Deans excited by Lions challenge
November 29, 2011
Deans raises a smile in training ahead of his side's clash with Wales in Cardiff © Getty Images
Australia coach Robbie Deans has vowed to finish what he has started with the forthcoming series against the British & Irish Lions in 2013 set to be key proving ground for his young squad.
Deans' young squad - featuring the world-class talents of James O'Connor (21), Quade Cooper (23), Kurtley Beale (22), David Pocock (23) and Will Genia (23) - failed to add Rugby World Cup glory to their Tri-Nations crown earlier this year with their hopes of an unprecedented double ended by eventual winners New Zealand in the semi-finals.
As a result, Deans insists there is plenty of unfinished business to attend to with the eagerly-anticipated showdown with the elite tourists in 18 months time a significant stepping stone towards the 2015 World Cup in England. "I've put a lot in already and I do have a real sense of wanting to finish what I have started and no doubt that it is far from done," Deans said following the confirmation of the Lions 10-game schedule.
Deans' young squad - featuring the world-class talents of James O'Connor (21), Quade Cooper (23), Kurtley Beale (22), David Pocock (23) and Will Genia (23) - are all excited by the prospect of tackling the Lions with that rare opportunity a factor in their commitment to Australian rugby. "A lot of our blokes have re-committed to Australian rugby and I have no doubt that at the back of their minds was the fact that this Lions series was coming up," Deans said. "They have heard players from past generations talk about how good they are and how distinct they are from the routine traditional fixtures that we play. The World Cup excites them and that comes around every four years but the Lions tour is once in every 12 and as a result of that some exceptional rugby players never had the opportunity to play them.
"It is a context that is unique," he added. "You look at a Lions series where you have an army of red that is going to invade Australia. That creates an unprecedented context for the game. You don't get that anywhere else in rugby union."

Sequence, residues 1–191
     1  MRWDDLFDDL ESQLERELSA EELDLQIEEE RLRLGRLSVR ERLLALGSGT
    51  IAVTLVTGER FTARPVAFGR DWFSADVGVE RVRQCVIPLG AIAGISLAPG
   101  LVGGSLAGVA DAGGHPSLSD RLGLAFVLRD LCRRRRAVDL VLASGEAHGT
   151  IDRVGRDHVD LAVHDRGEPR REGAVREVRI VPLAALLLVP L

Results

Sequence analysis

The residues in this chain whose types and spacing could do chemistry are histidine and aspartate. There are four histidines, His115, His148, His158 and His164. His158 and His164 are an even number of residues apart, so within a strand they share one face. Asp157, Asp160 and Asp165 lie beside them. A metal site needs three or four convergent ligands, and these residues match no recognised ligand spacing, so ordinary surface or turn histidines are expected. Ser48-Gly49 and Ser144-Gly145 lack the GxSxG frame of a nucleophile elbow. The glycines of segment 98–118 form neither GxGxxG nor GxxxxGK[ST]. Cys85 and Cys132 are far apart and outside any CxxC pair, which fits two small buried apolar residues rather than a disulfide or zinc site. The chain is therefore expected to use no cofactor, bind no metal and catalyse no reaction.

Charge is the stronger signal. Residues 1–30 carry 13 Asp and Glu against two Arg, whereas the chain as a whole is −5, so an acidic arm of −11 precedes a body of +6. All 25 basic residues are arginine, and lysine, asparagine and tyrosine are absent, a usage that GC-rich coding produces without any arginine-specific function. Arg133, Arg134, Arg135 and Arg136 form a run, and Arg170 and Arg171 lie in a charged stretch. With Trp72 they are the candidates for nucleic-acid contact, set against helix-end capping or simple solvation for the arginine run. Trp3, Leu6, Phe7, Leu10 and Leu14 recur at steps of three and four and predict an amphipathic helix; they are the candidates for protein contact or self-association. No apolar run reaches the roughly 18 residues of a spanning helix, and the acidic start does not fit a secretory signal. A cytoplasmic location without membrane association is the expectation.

Deans, who faced the Lions as a player during his days with Canterbury, is excited by the prospect of coaching against the Lions but stressed it was the potential of his side that was the reason by his own decision to re-sign with the Australian Rugby Union. "It wasn't so much who we were going to be playing against it is more who I am working with and everything that makes up that experience," he explained. "We came out of the World Cup a little bit frustrated but confident there is some great rugby coming and the playing group is excited by that, and likewise I am too."
Asked how far the current crop of Wallabies could go, Deans said: "It doesn't really matter what I think, that is what we will chase. As we've seen already it's a tough arena and you can't assume anything, we've just got to keep taking those steps required to get those results, those outcomes and we're not alone in that."
© ESPN Sports Media Ltd.
Graham Jenkins is the Senior Editor of ESPNscrum and you can also follow him on Twitter.
Firdose Moonda talks to Rob Louw about the difficulties of being a South African touring New Zealand at the height of Apartheid
Huw Richards profiles French forward Walter Spanghero, a man who even rugby's hard men thought was a tough nut
"To be part of the Commonwealth Games, I'd wear anything. I'd wear a clown suit." Tom Hamilton talks to Scotland's Sean Lamont
Scrum Sevens looks back at how rugby has fared in both the early Olympics and the past four Commonwealth Games